Saturday, November 11, 2017

Today in 1950: First Meeting of the Gay Rights Organization, the Mattachine Society

The Mattachine Society held its first official meeting today, November 11, in 1950. It was one of the earliest gay rights organizations in the United States, probably second only to Chicago's Society for Human Rights. 

The Mattachine Steps in Silver Lake Los Angeles. The sign reads, "Harry
Hay founded the Mattachine Society on this hillside on November 11, 1950.

Harry Hay conceived of the idea of a gay activist group in 1948. After signing a petition for Progressive Party presidential candidate Henry A. Wallace, Hay spoke with other gay men at a party about forming a gay support organization for him called "Bachelors for Wallace." Encouraged by the response he received, Hay wrote the organizing principles that night, a document he referred to as "The Call." 

However, the men who had been interested at the party were less than enthusiastic the following morning. Over the next 2 years, Hay refined his idea, finally conceiving of an "international... fraternal order" to serve as "a service and welfare organization devoted to the protection and improvement of Society's Androgynous Minority." He planned to call this organization "Bachelors Anonymous" and envisioned it serving a similar function and purpose as Alcoholics Anonymous.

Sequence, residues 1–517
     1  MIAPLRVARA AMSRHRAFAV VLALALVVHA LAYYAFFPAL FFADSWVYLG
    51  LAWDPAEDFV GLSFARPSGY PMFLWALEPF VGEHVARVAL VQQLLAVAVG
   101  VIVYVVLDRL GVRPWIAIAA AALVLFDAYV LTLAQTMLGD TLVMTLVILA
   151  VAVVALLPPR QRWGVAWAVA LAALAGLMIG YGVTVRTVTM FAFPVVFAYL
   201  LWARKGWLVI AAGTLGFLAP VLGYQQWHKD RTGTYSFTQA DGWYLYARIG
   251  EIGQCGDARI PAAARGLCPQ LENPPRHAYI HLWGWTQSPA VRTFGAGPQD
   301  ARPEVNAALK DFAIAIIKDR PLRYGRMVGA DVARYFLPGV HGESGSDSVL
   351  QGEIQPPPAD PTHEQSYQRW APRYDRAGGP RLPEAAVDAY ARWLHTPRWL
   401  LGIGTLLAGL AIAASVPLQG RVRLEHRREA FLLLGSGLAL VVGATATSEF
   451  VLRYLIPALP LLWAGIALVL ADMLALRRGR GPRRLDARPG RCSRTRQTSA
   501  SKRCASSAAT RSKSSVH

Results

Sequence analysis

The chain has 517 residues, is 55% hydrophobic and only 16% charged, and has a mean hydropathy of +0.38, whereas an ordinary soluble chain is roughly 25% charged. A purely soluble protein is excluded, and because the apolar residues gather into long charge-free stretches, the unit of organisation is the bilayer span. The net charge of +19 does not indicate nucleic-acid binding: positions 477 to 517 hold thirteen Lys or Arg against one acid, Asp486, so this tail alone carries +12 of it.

Hay met Rudi Gernreich in July 1950. The two became partners, and Hay showed Gernreich The Call. Gernreich, declaring the document "the most dangerous thing [he had] ever read," became an enthusiastic financial supporter of the venture, although he did not lend his name to it (going instead by the initial "R"). 

Finally on November 11, 1950, Hay, along with Gernreich and friends Dale Jennings and partners Bob Hull and Chuck Rowland, held the first meeting of the Mattachine Society in Los Angeles, under the name Society of Fools. James Gruber and Konrad Stevens joined the Society in April 1951 and they are generally considered to be original members. Also that month the group changed its name to Mattachine Society, a name suggested by Gruber and chosen by Hay, after Medieval French secret societies of masked men who, through their anonymity, were empowered to criticize ruling monarchs with impunity.